Mr. Speaker, the process to be undertaken will commence soon. Chaired by my colleague, the President of the Treasury Board, a special committee of cabinet will do a careful review. The committee will not slash and burn, as the Liberal government did in 1995-96 with the provinces, the territories and individuals in Canada. We will maintain the transfer payments to the provinces and territories. We will maintain the transfer payments to individuals in Canada, to seniors, to persons with disabilities. However, we will look carefully at the cost of delivering government services and productivity in government at the operating--

The Budget
Oral Questions

2:30 p.m.

Conservative

The Speaker Andrew Scheer

Order, please.

The hon. member for New Westminster—Coquitlam.

Fisheries and Oceans
Oral Questions

2:30 p.m.

NDP

Fin Donnelly New Westminster—Coquitlam, BC

Mr. Speaker, last night, while people around the world prepared for World Oceans Day, Canadians learned that their government was planning to slash funding for the protection and conservation of fisheries and oceans. These cuts ignore our responsibility to protect the world's longest coastline. Has the government forgotten when our fisheries were brought to the brink of disaster?

Will the minister see reason and commit to cancelling the planned cuts to the Department of Fisheries and Oceans?

Fisheries and Oceans
Oral Questions

2:30 p.m.

Fredericton
New Brunswick

Conservative

Keith Ashfield Minister of Fisheries and Oceans and Minister for the Atlantic Gateway

Mr. Speaker, a strategic review is an opportunity for the department to assess the performance of all of its programs. It also allows us to ensure that we are responding to the priorities of Canadians and the strong mandate that Canadians gave us. We have a responsibility to taxpayers to spend their money prudently and where it will do the most good. We must ensure that government programs are efficient, effective and achieving the expected results for Canadians. We believe that DFO is at a critical period in developing its programs and policies to meet the needs of the new fisheries and oceans management for today and the future.

Fisheries and Oceans
Oral Questions

2:30 p.m.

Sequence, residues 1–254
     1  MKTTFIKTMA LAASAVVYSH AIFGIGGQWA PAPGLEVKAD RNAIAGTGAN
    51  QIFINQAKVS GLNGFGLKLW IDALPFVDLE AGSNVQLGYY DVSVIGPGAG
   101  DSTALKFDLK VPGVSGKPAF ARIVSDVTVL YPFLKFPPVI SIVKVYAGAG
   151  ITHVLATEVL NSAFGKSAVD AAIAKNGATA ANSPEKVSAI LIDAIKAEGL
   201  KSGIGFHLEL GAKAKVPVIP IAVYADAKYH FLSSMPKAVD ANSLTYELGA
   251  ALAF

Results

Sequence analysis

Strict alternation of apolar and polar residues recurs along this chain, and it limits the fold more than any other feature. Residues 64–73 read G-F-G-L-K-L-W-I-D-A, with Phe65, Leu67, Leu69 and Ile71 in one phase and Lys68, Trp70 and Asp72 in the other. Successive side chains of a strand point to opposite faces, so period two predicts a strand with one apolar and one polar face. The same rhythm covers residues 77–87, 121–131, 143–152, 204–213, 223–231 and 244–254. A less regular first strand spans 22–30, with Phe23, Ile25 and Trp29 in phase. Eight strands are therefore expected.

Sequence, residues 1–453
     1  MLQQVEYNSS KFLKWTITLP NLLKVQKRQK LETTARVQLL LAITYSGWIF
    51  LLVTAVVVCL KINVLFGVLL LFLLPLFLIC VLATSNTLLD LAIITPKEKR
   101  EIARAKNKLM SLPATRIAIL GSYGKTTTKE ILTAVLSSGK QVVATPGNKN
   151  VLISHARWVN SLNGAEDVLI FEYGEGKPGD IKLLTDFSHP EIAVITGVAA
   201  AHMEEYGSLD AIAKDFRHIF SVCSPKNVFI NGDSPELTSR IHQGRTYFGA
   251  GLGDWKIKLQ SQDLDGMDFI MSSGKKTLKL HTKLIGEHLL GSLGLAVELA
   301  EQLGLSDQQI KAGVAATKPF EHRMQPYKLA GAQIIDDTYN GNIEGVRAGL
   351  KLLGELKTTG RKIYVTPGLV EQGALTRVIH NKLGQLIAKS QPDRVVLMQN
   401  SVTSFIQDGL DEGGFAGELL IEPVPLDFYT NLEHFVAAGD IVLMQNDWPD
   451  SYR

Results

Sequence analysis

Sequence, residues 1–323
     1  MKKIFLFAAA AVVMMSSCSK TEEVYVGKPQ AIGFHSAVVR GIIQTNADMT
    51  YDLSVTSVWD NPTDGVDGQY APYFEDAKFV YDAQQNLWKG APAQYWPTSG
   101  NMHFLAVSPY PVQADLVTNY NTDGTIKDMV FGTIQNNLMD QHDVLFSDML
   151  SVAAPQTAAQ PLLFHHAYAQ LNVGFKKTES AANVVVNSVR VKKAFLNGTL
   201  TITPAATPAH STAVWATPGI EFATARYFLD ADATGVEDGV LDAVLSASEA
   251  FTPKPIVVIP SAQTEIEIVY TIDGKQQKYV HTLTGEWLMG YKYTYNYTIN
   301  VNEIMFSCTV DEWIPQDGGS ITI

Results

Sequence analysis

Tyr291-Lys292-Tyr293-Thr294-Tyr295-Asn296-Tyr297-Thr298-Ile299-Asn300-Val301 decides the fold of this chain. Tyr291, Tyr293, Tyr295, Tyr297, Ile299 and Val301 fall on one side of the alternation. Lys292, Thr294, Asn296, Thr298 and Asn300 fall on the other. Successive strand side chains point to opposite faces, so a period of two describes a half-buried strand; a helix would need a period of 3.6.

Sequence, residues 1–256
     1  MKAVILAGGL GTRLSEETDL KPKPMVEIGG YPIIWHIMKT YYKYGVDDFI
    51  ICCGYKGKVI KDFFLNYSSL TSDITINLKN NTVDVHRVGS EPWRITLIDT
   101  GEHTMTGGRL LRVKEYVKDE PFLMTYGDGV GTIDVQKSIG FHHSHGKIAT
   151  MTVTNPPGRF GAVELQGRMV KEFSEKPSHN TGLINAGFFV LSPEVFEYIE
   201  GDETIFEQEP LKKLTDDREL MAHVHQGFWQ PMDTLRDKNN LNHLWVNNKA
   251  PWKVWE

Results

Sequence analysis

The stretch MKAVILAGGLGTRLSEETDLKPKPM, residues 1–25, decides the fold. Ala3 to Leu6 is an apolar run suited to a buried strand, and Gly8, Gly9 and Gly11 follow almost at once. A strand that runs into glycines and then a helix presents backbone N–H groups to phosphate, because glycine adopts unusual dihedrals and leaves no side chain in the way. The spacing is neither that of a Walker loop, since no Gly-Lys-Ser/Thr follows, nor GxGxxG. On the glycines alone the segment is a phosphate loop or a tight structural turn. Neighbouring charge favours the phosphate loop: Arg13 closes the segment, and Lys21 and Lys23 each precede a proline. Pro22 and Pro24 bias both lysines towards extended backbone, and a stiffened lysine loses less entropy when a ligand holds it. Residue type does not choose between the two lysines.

NDP

Philip Toone Gaspésie—Îles-de-la-Madeleine, QC

Mr. Speaker, the Conservative government is making decisions that will compromise the safety of Quebeckers. We have learned that the government will be closing maritime search and rescue centres in Quebec in order to centralize operations in Halifax. And it is all in the name of saving money instead of saving lives.

Does the minister realize that these services that protect the public are more effective when they are provided in the region where they are needed?

Fisheries and Oceans
Oral Questions

2:35 p.m.

Fredericton
New Brunswick

Conservative

Keith Ashfield Minister of Fisheries and Oceans and Minister for the Atlantic Gateway

Mr. Speaker, as I mentioned, we received a strong mandate from Canadians to implement our budget proposals and deficit reduction measures. The decision to close the call centre will save taxpayer dollars without impacting the safety of people while, at the same time, still providing bilingual services. New communications technologies exist that now permit search and rescue call centre employees to provide the same high-quality service from a central call centre. Existing search and rescue helicopters and vessels will remain where they are currently based.

Fisheries and Oceans
Oral Questions

2:35 p.m.

NDP

Ryan Cleary St. John's South—Mount Pearl, NL

Mr. Speaker, when the hon. member for Renfrew—Nipissing—Pembroke said last February that Newfoundlanders should look after themselves when it came to search and rescue, Canadians were shocked. No one realized that this would actually become Conservative government policy.

Closing the maritime rescue sub-centre in St. John's will endanger people's lives. Will the minister commit to reversing this dangerous decision and show he is serious about the safety of Newfoundlanders and Labradorians?

Fisheries and Oceans
Oral Questions

2:35 p.m.

Fredericton
New Brunswick

Conservative

Keith Ashfield Minister of Fisheries and Oceans and Minister for the Atlantic Gateway

Mr. Speaker, of course, safety is a primary issue when it comes to Canadians and all of the services that we provide. This call centre reduction will in no way impact the safety of Canadians and, at the same time, will provide efficiencies as well as savings of Canadian taxpayers' money.